The Gramstads’ project would be privately financed and owned.

Poor pool base material suspected

Early repair work at the Tracy Aquatic Center has uncovered evidence of sub-standard base materials around the children’s splash pool, Tracy City Council members were told Monday.

Legal counsel Jim Kerr and Public Works Director Rick Robinson reported that black dirt, clay, foreign materials and organic matter were found underneath some of the concrete that contractors have torn out around the children’s splash pool. Council members accepted a recommendation from engineers to spend up to $1,200 for additional tests to evaluate the problem.

Council members were told that it is important that planned pool repairs be made over a good base. If the base material turns out to be poor, the city might be forced to remove all the concrete from the splash pool area, install new aggregate materials, and begin repairs on a solid base.

Mayor Steve Ferrazzano said he didn’t want to aquatic center repairs jeopardized by poor base materials.

“If we don’t do the testing, we could be putting a new pool over something bad.”

Councilman Bill Chukuske asked Kerr whether the new evidence would bolster the city’s lawsuit claims the aquatic center suffered from poor workmanship and materials during its 2001-02 construction. Definitely yes, Kerr said, noting that photographs had been taken and materials secured as evidence. He said that the cost of the testing—and any additional costs caused by poor foundation materials—are costs that the city can seek to recover in its lawsuit. (The lawsuit is scheduled for trial in January. A mediation process seeking a pre-trial settlement is now underway).

• • •

Pool repair work, which began June 29, has included the removal of some concrete around the splash pool, and removal of pool gutters. Sections of the pool’s perimeter fence have been removed and all pool water toys, slides, and ladders have been moved from pool shells.

City Administrator Audrey Koopman was given the authority to authorize up to $10,000 for unexpected problems that come up during pool repairs. Council members felt it wise to give some decision-making authority to Koopman, rather than have minor decisions wait until the full council meets and delay the project. Council members may still be polled about issues, or special meetings could be convened for major decisions. The administrator is to bring any of her decisions to the council for retroactive approval.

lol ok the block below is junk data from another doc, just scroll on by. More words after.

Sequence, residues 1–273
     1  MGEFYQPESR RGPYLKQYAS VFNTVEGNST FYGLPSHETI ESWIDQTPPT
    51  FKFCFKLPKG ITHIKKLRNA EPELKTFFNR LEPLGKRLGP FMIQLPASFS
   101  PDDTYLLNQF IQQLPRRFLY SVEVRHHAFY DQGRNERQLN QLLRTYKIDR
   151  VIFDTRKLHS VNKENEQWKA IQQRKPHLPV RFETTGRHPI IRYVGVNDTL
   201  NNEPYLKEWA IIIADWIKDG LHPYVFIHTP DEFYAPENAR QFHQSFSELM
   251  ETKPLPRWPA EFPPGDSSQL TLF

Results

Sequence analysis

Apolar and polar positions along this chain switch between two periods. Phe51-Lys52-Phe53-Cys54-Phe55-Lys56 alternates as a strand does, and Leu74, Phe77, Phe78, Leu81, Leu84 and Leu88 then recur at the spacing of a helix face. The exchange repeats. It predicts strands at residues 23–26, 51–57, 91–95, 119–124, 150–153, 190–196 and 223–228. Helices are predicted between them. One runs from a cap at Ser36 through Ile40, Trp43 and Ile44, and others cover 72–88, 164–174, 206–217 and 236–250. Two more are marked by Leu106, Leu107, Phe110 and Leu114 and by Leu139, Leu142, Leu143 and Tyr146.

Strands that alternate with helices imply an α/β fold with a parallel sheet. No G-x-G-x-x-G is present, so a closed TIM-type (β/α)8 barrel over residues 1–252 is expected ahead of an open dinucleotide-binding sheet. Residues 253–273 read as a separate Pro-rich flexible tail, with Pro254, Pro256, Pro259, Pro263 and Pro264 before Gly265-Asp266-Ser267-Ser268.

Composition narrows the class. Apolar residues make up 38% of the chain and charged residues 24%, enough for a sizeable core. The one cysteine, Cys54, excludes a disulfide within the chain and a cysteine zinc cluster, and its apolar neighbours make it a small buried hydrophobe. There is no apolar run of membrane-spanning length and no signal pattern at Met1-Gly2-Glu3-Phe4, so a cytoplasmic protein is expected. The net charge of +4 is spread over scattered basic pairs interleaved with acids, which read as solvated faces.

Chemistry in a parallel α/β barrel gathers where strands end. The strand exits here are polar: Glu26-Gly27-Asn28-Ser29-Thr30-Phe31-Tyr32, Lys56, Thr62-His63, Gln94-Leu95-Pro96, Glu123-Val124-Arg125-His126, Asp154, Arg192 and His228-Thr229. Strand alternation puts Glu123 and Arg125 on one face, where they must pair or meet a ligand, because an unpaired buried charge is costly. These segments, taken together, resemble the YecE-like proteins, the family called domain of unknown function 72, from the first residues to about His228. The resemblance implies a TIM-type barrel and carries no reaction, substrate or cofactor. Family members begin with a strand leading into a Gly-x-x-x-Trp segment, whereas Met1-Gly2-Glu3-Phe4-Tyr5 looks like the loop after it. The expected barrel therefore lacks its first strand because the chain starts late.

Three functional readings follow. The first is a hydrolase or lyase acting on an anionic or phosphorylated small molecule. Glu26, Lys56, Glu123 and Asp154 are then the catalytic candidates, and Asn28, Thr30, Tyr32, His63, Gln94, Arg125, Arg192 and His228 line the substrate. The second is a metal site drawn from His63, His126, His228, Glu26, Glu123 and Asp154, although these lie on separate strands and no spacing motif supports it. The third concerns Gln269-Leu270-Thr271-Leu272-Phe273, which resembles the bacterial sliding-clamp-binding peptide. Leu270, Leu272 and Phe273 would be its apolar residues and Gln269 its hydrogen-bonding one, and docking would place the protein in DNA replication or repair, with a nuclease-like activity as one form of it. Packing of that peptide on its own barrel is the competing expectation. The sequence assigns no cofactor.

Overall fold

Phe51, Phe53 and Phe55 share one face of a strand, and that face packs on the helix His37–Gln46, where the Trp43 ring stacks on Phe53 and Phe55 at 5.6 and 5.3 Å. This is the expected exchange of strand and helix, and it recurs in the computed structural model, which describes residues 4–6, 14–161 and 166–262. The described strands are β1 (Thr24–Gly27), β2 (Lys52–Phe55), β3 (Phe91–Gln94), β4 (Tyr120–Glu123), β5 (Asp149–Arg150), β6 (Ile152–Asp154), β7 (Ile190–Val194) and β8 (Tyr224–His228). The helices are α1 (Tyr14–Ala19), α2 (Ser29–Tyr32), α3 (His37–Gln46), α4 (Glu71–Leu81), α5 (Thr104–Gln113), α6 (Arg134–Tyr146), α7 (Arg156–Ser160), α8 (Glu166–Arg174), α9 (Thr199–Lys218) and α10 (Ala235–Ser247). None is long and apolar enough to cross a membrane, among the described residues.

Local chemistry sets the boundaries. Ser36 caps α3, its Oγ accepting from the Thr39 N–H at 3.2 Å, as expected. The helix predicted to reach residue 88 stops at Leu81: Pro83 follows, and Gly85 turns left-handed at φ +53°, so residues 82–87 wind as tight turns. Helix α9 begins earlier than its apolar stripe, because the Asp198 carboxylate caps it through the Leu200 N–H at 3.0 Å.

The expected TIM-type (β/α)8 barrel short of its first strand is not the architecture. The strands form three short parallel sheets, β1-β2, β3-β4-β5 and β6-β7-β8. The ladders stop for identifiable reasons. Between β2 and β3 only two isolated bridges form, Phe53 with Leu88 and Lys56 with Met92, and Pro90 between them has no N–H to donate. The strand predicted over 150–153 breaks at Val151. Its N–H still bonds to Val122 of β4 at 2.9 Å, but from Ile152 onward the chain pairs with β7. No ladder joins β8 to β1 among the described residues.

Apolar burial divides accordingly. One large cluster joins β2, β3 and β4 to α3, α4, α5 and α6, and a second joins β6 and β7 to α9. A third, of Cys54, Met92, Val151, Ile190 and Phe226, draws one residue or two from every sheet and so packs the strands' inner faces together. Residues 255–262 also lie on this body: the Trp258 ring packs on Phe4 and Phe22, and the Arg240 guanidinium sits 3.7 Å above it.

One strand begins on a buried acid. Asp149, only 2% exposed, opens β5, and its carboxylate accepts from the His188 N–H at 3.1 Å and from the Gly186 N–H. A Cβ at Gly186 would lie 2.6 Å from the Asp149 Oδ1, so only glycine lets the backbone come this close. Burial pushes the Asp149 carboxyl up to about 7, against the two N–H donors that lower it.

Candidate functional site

Kerr and Koopman reported that the city had sent a $267,000 payment to the company supplying the Myrtha pool liners The city had earlier paid 10% down on the $297,000 materials contract. A $790,800 construction contract was awarded in April.

Besides the $1.1 million construction and materials contract, the city has a $150,000 contingency fund set-aside for unexpected expenses.

Kerr said that the Myrtha liner materials are scheduled to be shipped from Genoa, Italy, on July 20.

• • •

The council barely had a quorum for the July 11 meeting, with only Chukuske, Stobb, Rettmer, and Ferrazzano present at the meeting’s onset. Jan Arvizu arrived near the end of the regular meeting. Other council business included:

Nuisance ordinance inspection

Police Chief Bryan Hillger reported that curbside inspections started Monday, looking for violations of the city’s nuisance ordinance. About 30 violations had been cited during the first day.

“We are being pretty liberal. We are letting a lot of the smaller stuff go,” Hillger said.

Inspections were to continue on Tuesday.